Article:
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What do you think of this?

In the very last scene of Matthew’s gospel we read:

Then the eleven disciples went to Galilee, to the mountain where Jesus had told them to go. When they saw him, they worshiped him; but some doubted. (Matthew 28:16-17 NIV – emphasis added)

Every time I read this I wonder about the juxtaposition of worship and doubt.

How can a person doubt and worship at the same time?  


A natural reaction is to say worship and doubt cannot co-exist. There are two basic attempts to explain away this tension.

One attempt is to say there were two different groups of people: a group that worshipped and a group that doubted.

Neither the Greek nor the English text allows this.

There was only one group, the eleven disciples. The eleven worshipped Jesus, but some of the eleven doubted.

A second attempt is to say there were two different times: at one time the eleven worshipped and at another time some of the eleven doubted.

Again, neither the Greek nor the English text allows this. The grammar requires us to conclude the worship and the doubt took place at the same time.

How do we understand this tension between worship and doubt?

Here are a couple of insights.  


First, is Matthew’s word worship.

Here, worship translates the Greek word proskuneō which our English translations also render as bow down or prostrate. We first encounter this word in Matthew when the wise men, or magi, come to worship the young child, Jesus (Matthew 2:2, 8, 11).

The Greek word is based on kuneō meaning “to kiss.” It designates the Ancient Near Eastern custom of bowing down before a person, such as a deified king, and kissing his feet or the hem of his garment to “express in attitude or gesture one’s complete dependence on or submission to a high authority figure.”[1]  

For Matthew, worship is a term that expresses complete dependence on, and submission to, the Lord Jesus Christ.  


Second, is the word doubt.

The word doubt is a rendering of the Greek word distazō. The only other time this word is used in the Bible is during a storm on the Sea of Galilee (click here for the text of Matthew 14:22-33).

As Jesus approaches the storm-tossed boat, Peter speaks:

"Lord, if it's you," Peter replied, "tell me to come to you on the water."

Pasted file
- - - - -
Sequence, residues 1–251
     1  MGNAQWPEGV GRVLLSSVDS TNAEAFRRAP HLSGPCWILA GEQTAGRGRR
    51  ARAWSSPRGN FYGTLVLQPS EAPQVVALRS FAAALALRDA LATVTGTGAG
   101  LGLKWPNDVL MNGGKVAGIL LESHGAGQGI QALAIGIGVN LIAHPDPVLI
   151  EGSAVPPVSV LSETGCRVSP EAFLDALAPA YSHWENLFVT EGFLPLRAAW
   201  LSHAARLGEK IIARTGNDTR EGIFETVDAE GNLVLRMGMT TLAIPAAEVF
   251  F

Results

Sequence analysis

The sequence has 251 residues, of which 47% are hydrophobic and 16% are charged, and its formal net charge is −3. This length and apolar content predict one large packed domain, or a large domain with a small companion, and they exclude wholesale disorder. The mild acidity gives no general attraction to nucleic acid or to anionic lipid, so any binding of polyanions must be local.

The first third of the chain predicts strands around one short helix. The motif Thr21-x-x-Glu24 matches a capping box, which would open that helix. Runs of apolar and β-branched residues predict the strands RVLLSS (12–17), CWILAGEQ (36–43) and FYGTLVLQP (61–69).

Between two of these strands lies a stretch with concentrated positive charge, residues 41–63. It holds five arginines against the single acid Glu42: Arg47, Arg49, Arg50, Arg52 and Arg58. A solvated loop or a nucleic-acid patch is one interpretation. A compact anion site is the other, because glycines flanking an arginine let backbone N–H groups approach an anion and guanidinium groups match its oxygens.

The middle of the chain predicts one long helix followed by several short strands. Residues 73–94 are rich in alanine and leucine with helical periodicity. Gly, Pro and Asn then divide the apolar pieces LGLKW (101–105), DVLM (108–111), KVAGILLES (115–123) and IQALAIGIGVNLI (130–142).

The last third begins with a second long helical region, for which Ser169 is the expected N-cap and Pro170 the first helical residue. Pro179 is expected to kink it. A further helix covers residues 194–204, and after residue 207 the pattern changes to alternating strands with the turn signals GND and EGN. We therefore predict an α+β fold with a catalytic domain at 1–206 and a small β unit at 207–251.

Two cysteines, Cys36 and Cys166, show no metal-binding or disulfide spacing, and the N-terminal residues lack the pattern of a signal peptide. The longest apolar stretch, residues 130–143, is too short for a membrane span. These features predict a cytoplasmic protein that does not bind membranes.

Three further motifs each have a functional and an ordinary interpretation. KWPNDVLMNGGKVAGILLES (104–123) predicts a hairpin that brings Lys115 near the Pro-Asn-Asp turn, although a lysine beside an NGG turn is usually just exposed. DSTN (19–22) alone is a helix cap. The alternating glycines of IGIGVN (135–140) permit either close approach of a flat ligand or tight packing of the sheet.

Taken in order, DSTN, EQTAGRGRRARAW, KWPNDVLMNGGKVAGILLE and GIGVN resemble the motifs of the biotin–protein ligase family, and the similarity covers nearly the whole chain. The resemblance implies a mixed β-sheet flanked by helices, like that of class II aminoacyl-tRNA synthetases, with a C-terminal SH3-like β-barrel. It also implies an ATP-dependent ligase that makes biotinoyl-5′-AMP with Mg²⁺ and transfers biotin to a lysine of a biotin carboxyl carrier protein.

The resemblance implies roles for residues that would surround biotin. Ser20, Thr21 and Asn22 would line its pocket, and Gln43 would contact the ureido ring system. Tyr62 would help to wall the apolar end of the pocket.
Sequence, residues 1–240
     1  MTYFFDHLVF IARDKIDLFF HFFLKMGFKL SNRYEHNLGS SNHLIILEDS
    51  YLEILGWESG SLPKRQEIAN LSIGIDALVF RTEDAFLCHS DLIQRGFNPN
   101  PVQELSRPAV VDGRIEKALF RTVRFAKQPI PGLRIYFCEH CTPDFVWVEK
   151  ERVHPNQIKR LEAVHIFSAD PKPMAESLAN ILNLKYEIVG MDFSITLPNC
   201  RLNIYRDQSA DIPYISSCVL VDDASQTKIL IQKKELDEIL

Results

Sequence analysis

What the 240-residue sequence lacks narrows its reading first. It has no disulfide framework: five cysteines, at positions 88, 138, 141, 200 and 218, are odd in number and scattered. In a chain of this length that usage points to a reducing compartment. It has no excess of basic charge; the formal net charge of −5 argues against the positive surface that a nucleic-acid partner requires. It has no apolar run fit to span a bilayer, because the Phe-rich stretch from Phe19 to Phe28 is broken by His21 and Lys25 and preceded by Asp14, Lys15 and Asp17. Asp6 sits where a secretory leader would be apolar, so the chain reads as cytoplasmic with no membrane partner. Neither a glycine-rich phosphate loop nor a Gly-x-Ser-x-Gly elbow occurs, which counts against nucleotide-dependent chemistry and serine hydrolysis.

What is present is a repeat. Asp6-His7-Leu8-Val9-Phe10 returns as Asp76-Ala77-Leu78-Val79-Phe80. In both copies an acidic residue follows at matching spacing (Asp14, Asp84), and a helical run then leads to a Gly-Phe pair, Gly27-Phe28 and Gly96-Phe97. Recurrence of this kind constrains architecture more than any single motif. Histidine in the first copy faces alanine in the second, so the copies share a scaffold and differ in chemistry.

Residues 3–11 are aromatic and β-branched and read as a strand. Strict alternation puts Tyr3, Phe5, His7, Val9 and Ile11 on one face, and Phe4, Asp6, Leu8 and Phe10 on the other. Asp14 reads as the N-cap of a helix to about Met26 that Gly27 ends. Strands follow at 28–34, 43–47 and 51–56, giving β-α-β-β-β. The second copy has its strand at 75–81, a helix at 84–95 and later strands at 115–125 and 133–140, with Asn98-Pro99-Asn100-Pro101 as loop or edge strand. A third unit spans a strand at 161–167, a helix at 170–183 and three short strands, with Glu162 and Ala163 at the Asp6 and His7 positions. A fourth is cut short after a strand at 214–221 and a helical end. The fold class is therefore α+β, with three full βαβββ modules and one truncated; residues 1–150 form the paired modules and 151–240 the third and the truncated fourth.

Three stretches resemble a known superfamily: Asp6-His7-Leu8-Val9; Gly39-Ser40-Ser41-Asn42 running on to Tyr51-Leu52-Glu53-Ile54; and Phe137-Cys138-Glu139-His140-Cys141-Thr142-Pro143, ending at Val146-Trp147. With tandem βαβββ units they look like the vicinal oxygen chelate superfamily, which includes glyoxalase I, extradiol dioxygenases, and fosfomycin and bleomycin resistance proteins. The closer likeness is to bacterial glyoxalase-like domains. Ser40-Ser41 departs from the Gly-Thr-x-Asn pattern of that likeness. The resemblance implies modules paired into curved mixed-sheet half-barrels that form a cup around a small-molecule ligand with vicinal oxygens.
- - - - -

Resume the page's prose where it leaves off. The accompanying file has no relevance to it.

"Come," he said. 

Then Peter got down out of the boat, walked on the water and came toward Jesus. But when he saw the wind, he was afraid and, beginning to sink, cried out, "Lord, save me! 

Immediately Jesus reached out his hand and caught him. "You of little faith," he said, "why did you doubt (distazō)?" (14:28-31)

Did you note how Jesus relates doubt (distazō) and little faith? He says “little faith” not “no faith.” 

This word doubt (distazō) is best understood in the sense of “hesitate” or “waver.”

The Greek word for little faith” is linked with worry (6:30), fear (8:26; 14:30), and lack of understanding or discernment (16:8).  

Between worship and doubt

Following Jesus is a life lived in the tension between worship and doubt.

On one hand, we are drawn to Jesus in adoration, obedience, submission, and dependence.

On the other hand, we experience hesitance, worry, fear, lack of understanding or discernment, and more.

Despite this tension, we continue to follow Jesus. 

Three examples 

We’ve just watched Peter as he walks toward Jesus on the Sea – worship. But he becomes afraid and begins to sink – doubt. When they’re safely in the boat they worship.

Peter makes an astonishing statement about Jesus: “You are the Christ the Son of the living God” (16:16) – worship. A moment later he takes Jesus aside and “began to rebuke him. ‘Never, Lord! This shall never happen to you!’” (16:22) – doubt

At the “last supper,” Jesus tells the disciples of his impending crucifixion and says that the disciples will abandon him. Peter declares “Even if I have to die with you, I will never disown you” (26:35) – worship. And yet, within hours, he swears three times that he doesn’t know Jesus (26:69-74) – doubt

Is that the end of Peter?

What about us? 

If you’re a follower of Jesus, are you any different than Peter? 

I’m not. 

Do you, with the best of intentions, say or commit or do something because of Jesus – worship? And a short time later, because of worry, fear, or lack of understanding, do you act as you’ve never known Jesus – doubt?

We grow as a disciple in the place of tension between worship and doubt. Like a toddler, we take our first hesitant steps. We fall – sometimes we get hurt. Then we get up again. Eventually, we learn to walk – and then run. There’s always more: learning, doing, growing. 

Frederick Buechner says “Doubts are the ants in the pants of faith. They keep it awake and moving.” There’s truth in that.

Peter never forgot that he walked on water for a moment – it marked his life, stretched his threshold of fear, and expanded his understanding of who he was, and who Jesus is. Eventually, Peter was even martyred in the name of Jesus.

And so it is with you and me.

We worship. Then we run into our worries, or our fears, or the limits of our understanding of God’s ways – and we doubt. He speaks a word of rebuke or encouragement; he reaches out a hand for us to grab as we sink.

We begin to worship again in an ever-expanding wonder of life in Christ.

So, as a follower of Jesus, live with expectancy and joy in that place of growth between worship and doubt. 

Click here to listen to this as a podcast   

FORWARD TO Living Between Attraction and Fear                  

[1]              W. Bauer, F. W. Danker, and others, A Greek-English Lexicon of the New Testament and Other Early Christian Literature, 3rd ed.

Photo Credit: John B Lombardo via Compfight cc

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